I tossed my plate in the sink and whistled. “Buddy! Come here, boy.” No sound of happy puppy paws. “Still sleeping, the lazy sack of shit.” I chuckled. I’d ruffle his fur later, then. All the more sign it was time to see Bill.
“Oy, Bill,” I hollered as I left the house.
He saw me and his eyes lit up and a smile wrinkled his leathery face. “Sam, my man. How ya been? Sleep well?”
“Good, good,” I muttered, dropping into the rocking chair beside him. It was one of those summer mornings where the air was cool and fresh, but you could tell it intended to be hot later. “How’d you sleep, Bill?”
“Like a rock. Linda fixed me up some eggs this morning and I’m feeling good.” He patted his broad stomach. His eyes were clear and unperturbed. Guess I was crazy then.
Ruff. Ruff. GrrRRAr. I stiffened. Ruff. I let out my breath. “Buddy, is that you?”
Then, the screeching of car tires and a thud and a high whine. I jumped up. “BUDDY!”
There he was, on the dirt road behind Bill’s house. Bleeding out. Red streamed down his jowls and soaked into his fur and into the dust under him. “Buddy, NO! Goddamn it, Barbara must’ve let him out. Oh Buddy, no…”
Bill came up behind me, holding his shotgun. He laid the other hand on my shoulder and said, as if to comfort, “All dogs go to heaven. You gotta put him out of his misery.” I stared at him. It seemed like there was more understanding in his eyes now than before. Did this mean, was it real? He remembered, then?
I took the shotgun from Bill, swallowed hard, and aimed it at the whining fluffy bloodstain. Bang, bang, bang and he wasn’t whining no more. I turned away. “Let’s get you a cup of something strong,” Bill said.
I laid in bed for hours that night. Barbara had long since fallen asleep, but I couldn’t help fearing what lay beyond my closed eyelids. Bill — what he’d said — did he know? Did that make it real? And Buddy, dead. I swallowed. Had to bite the bullet sometime.
I closed my eyes and let sleep overtake me.
Dark, starless sky. Redwoods. Fog. And of course, the snarling. I was back. I took a deep shaky breath and did what I’d been contemplating for the past hour. I whistled. “Buddy!”
A moment of silence and stillness.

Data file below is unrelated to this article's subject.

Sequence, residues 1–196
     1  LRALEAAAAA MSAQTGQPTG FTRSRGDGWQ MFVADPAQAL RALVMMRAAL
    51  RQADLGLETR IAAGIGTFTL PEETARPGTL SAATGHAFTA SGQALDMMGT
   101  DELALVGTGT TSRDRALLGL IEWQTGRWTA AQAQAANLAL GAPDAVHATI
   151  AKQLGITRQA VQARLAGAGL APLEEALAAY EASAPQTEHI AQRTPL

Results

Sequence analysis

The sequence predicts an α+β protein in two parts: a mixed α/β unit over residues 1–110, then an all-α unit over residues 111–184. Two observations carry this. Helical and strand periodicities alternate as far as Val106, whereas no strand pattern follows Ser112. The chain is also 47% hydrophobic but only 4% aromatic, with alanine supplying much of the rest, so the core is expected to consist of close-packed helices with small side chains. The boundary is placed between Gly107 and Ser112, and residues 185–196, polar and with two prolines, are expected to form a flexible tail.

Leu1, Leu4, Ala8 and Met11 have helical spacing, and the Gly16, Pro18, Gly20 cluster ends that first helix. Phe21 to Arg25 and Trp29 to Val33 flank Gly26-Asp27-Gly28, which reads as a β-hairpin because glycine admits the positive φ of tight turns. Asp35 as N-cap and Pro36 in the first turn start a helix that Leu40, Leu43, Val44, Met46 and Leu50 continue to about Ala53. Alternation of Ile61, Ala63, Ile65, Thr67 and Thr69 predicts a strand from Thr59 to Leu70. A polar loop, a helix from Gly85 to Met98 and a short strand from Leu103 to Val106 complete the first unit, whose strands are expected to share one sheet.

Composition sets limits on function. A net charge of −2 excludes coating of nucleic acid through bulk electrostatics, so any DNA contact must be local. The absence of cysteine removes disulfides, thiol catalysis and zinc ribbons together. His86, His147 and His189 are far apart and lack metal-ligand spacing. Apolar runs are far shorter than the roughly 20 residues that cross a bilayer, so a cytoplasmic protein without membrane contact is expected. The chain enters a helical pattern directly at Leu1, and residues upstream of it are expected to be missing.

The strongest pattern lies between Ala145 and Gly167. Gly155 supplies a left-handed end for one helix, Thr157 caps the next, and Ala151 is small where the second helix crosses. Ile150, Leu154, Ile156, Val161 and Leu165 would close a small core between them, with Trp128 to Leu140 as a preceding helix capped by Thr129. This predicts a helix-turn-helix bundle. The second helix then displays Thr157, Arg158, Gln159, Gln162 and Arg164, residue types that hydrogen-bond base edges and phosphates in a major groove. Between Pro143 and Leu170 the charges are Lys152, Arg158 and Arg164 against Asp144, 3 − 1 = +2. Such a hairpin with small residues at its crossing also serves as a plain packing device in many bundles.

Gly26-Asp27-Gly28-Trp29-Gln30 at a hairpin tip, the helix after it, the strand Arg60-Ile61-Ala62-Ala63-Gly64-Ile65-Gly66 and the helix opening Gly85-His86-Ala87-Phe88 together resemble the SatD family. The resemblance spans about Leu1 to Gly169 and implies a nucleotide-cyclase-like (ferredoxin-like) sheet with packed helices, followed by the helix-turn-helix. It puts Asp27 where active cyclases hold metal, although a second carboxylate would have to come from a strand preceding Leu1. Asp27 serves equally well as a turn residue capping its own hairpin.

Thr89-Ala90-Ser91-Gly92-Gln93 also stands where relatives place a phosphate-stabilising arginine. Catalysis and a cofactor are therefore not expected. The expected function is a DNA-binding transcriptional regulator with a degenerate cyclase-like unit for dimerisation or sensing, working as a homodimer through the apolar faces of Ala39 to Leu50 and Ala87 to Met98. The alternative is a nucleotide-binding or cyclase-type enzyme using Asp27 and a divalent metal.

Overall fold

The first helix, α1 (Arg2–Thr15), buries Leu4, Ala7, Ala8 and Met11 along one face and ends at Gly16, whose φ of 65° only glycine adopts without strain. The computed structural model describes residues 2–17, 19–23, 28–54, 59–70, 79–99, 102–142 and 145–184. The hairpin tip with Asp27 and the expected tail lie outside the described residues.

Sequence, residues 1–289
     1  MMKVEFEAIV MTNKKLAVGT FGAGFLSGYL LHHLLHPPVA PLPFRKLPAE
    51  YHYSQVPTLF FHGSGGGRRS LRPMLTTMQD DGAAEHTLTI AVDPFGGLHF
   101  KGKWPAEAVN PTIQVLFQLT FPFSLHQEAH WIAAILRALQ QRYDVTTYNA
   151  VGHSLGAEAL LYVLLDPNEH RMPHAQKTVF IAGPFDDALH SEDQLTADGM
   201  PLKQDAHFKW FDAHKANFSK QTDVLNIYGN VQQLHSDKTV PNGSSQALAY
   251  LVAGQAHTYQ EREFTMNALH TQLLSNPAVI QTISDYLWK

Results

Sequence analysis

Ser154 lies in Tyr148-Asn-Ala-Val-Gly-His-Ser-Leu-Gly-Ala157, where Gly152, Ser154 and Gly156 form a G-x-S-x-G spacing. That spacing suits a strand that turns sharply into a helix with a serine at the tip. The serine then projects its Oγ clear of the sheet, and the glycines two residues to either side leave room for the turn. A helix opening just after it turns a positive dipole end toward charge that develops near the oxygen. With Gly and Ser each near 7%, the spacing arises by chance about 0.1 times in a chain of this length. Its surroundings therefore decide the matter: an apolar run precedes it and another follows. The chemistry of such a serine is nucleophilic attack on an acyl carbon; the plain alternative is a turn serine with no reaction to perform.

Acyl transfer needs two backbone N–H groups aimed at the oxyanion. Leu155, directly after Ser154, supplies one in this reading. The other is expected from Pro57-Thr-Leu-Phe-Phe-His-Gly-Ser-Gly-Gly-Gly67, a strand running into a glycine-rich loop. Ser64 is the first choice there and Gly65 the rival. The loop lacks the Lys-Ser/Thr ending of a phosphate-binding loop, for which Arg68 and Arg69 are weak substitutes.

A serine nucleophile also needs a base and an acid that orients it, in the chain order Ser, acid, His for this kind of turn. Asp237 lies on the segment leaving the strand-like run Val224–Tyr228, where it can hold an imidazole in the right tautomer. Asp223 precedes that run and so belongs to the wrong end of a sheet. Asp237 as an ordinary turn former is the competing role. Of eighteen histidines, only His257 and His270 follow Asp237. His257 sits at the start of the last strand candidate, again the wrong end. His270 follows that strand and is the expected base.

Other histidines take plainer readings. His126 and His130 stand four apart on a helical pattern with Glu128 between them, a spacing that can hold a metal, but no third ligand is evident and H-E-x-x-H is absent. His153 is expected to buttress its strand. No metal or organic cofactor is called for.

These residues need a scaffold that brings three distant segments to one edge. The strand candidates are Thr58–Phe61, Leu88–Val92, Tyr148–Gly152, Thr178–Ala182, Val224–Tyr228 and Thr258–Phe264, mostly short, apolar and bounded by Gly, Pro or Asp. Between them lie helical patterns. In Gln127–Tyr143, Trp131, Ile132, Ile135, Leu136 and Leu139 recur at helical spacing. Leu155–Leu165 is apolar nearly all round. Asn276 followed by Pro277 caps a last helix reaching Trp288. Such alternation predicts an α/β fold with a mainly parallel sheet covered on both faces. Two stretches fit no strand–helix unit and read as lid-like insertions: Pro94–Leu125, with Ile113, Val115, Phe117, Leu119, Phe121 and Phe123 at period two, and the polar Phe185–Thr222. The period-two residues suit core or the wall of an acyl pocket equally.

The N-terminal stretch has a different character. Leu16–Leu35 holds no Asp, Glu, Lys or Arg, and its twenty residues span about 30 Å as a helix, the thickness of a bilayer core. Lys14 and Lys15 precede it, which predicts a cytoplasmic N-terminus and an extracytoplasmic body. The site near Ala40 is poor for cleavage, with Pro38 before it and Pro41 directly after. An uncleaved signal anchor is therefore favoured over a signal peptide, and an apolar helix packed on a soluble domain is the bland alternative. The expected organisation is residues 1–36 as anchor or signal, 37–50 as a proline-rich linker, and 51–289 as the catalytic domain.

Then, a fluffy beagle bounded out from the darkness and leapt onto me. I bent down and beamed and he licked my face and I scratched his scruff. I felt a prickling at my eyes. “I missed you, boy.”
The growling started up again, louder and sharper. Buddy hopped out of my arms and growled back at the hounds. They went posturing back and forth for a bit, but the hellhounds got less and less confident each time until they stopped entirely. I beamed. “Lead the way, Buddy.”
He looked at me as if he understood, and took off into the darkness, with me right behind. I didn’t know where I was going, but Buddy seemed to. Bill’d said I was meant to save the world, and I sure wasn’t doing that standing there.
I could tell the dogs were following us, though, could hear their claws gnashing the earth. So, I was mighty pleased when I saw a log cabin loom out of the darkness. Buddy reached the door and then stopped and turned to look at me. Needing no encouragement, I pried the door open and rushed inside. I fastened the dead bolt. No dog was getting to me.
Buddy curled up on the dirt floor in front of the fireplace. I followed his lead and warmed my hands in front of the dancing flames. Normally this would make me think there was someone here, but I didn’t have that feeling, and didn’t think this world followed any sort of logic.
There was something behind the flames. Thought I was crazy for a second, but there it was. Some sort of black box, with a bunch of wires, ticking. I squinted. There were numbers on the box, ticking down. A bomb. This world was crumbling, he’d said. This was what he meant. Without thinking I reached for it, but recoiled as a jolt of pain hit my hand. Course I couldn’t put my hand in flames.
Buddy whined and batted his paw through the flames several times. I rushed to examine his paw but it was unsinged. “You ain’t alive, Buddy. You can’t get burned when you ain’t alive.” I smiled. “Get the bomb, boy! Get it.”